Friday 22nd February 2019

Heart on My Sleeve

Gallagher and Lyle

I wear my heart on my sleeve,
I’m not afraid to say what i mean,
Mean what i say.
I set myself up, let myself down,
I may be a fool to spread it around.
But i just wanna let you know,
Sometimes i find it so hard not to show,
So i sigh and i let my feelings go.
I wear my heart on my sleeve,
Don’t count the cost,
If i can’t live in love then surely i’ve lost.
You tend to get burned, tend to get bruised,
But it’s my life whatever i choose.
Oh, i just wanna let you know,
Sometimes i, i find it so hard not to show,
So i sigh and i let my feelings go.
I wear my heart on my sleeve,
I wear my heart on my sleeve.
You tend to get burned, tend to get bruised,
But it’s my life whatever i choose.
Oh, i just wanna let you know,
‘Cause sometimes i find it so hard not to show,
So i sigh, but, baby, you’re not alone.
You wear your heart on your sleeve,
You wear your heart on your sleeve.
I wear my heart on my sleeve,
I wear my heart on my sleeve.
I wear my heart on my sleeve,
I wear my heart on my sleeve,
I wear my heart on my sleeve,
Mm, my heart on my sleeve,
Baby, you know, i wear my heart on my sleeve,
Oh, my heart on my sleeve.
You wear your heart on your sleeve,
I wear my heart on my sleeve.

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The Chamberlain Clock is an Edwardian, cast-iron, clock tower in the Jewellery Quarter of Birmingham, England. It was erected in 1903 to mark Joseph Chamberlain’s tour of South Africa between 26 December 1902 and 25 February 1903, after the end of the Second Boer War. The clock was unveiled during Chamberlain’s lifetime, in January 1904[1] by Mary Crowninshield Endicott, Joseph Chamberlain’s third wife.

Standing at the junction of Vyse and Frederick Streets with Warstone Lane, it is now a local landmark and symbol of the Quarter. Chamberlain had been a resident on Frederick Street and had also helped jewellers through his campaign work to abolish Plate Duties – a tax affecting jewellery tradesmen of the time. The timepiece was originally powered by a clockwork winding handle.

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Warstone Lane Cemetery, also called Brookfields Cemetery, Church of England Cemetery, or Mint Cemetery (from the adjacent Birmingham Mint), is a cemetery dating from 1847 in Birmingham, England. It is one of two cemeteries in the city’s Jewellery Quarter, in Hockley (the other being Key Hill Cemetery).

A major feature is the two tiers of catacombs, whose unhealthy vapours led to the Birmingham Cemeteries Act which required that non-interred coffins should be sealed with lead or pitch.

The foundation stone for the chapel was laid on 6 April 1847. The blue brick gate lodge building, designed by J. R. Hamilton and J. M. Medland and built in 1847–8, survives, and is a Grade II listed building. The cemetery is itself Grade II on the Register of Parks and Gardens of Special Historic Interest. The cemetery was originally reserved for members of the established Church of England, whereas Key Hill (opened in 1836) was non-denominational, and was therefore favoured by nonconformists.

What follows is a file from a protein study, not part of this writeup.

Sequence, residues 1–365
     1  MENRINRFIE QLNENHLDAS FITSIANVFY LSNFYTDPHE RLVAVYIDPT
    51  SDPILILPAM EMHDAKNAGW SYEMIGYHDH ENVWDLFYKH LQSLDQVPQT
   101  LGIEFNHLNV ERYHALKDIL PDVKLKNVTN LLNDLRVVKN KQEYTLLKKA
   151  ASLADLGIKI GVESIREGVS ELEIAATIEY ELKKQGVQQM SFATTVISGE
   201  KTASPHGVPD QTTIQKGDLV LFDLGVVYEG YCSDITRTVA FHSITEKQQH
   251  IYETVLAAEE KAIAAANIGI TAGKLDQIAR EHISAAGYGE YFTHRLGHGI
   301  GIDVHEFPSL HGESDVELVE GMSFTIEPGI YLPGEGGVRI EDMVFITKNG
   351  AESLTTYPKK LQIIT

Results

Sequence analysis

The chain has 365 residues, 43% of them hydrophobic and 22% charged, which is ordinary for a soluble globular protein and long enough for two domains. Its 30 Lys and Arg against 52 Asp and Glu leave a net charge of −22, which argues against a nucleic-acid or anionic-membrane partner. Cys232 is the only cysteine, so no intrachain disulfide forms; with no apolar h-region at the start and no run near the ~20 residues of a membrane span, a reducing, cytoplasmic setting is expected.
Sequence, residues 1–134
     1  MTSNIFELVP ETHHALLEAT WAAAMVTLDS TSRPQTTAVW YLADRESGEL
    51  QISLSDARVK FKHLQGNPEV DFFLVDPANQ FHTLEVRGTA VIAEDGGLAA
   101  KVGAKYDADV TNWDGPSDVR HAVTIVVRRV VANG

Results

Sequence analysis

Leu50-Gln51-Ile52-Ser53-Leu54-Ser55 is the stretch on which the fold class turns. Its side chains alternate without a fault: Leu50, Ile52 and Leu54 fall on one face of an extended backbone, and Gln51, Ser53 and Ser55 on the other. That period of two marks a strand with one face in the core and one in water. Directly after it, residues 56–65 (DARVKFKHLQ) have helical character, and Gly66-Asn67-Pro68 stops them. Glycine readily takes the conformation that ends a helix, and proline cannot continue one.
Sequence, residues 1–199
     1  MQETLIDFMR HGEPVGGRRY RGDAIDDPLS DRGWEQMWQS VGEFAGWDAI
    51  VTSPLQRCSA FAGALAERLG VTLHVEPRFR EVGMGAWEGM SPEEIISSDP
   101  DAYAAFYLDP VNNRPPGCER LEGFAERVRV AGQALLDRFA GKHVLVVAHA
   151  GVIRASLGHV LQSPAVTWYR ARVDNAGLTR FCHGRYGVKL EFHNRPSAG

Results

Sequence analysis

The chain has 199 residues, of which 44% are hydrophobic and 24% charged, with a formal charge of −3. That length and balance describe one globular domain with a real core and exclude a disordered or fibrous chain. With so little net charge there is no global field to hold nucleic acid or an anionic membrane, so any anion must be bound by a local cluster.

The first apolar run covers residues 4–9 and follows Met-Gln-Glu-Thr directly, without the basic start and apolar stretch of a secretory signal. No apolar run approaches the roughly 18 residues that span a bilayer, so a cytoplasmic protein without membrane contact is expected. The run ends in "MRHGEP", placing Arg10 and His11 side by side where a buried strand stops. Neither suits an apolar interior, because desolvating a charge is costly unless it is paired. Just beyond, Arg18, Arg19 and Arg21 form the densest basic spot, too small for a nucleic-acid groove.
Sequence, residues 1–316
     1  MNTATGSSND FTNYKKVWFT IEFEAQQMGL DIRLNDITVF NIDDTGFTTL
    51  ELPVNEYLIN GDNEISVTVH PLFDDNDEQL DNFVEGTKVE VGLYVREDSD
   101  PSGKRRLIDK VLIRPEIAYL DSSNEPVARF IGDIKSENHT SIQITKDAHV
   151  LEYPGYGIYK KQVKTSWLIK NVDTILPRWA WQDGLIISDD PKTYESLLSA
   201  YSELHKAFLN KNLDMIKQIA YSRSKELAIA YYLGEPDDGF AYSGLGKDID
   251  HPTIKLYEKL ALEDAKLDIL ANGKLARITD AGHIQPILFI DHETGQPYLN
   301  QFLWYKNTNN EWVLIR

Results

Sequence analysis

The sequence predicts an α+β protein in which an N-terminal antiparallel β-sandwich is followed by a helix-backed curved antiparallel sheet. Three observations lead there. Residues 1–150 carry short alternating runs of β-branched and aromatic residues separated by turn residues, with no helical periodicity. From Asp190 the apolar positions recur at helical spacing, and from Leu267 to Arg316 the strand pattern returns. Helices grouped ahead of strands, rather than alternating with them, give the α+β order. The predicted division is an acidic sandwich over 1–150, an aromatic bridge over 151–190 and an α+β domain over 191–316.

On the night of 11 December 1940, all but the tower and classical west portico of St Thomas’ Church, Bath Row, was destroyed by German bombs. The church was not rebuilt. The grounds were laid out for the coronation of Queen Elizabeth II in 1953 when the gravestones were removed and the dead reinterred at Warstone Lane Cemetery. The gardens were re-designed as the St. Thomas’s Peace Garden in 1995 in commermoration of the 50th anniversary of the end of World War II.

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The War Stone rock in Warstone Lane Cemetery in the Jewellery Quarter. It is a glacial erratic made from the volcanic rock felstone, which was carried here from its parent rock in Wales by glacial ice and deposited as the ice melted. Originally it was known as the Hoar Stone, which was likely derived from the Old English har stan feld, meaning ‘boundary stone field. It was used as a parish boundary where the manors of Aston, Birmingham and Handsworth met. It has lay in the area for many thousands of years in peace and tranquility until the industrial revolution hit and the sprawling urban landscape of Birmingham and it’s emerging Jewellery quarter quickly developed around it. Today it remains as a monument to the past and has been located on a sandstone plinth with the following inscription:

“This felsite boulder was deposited near here

by a glacier during the Ice Age: being at one

time used as a parish boundary mark, it

was known as the ‘Hoar Stone’ of which the

modern War Stone is a corruption”.

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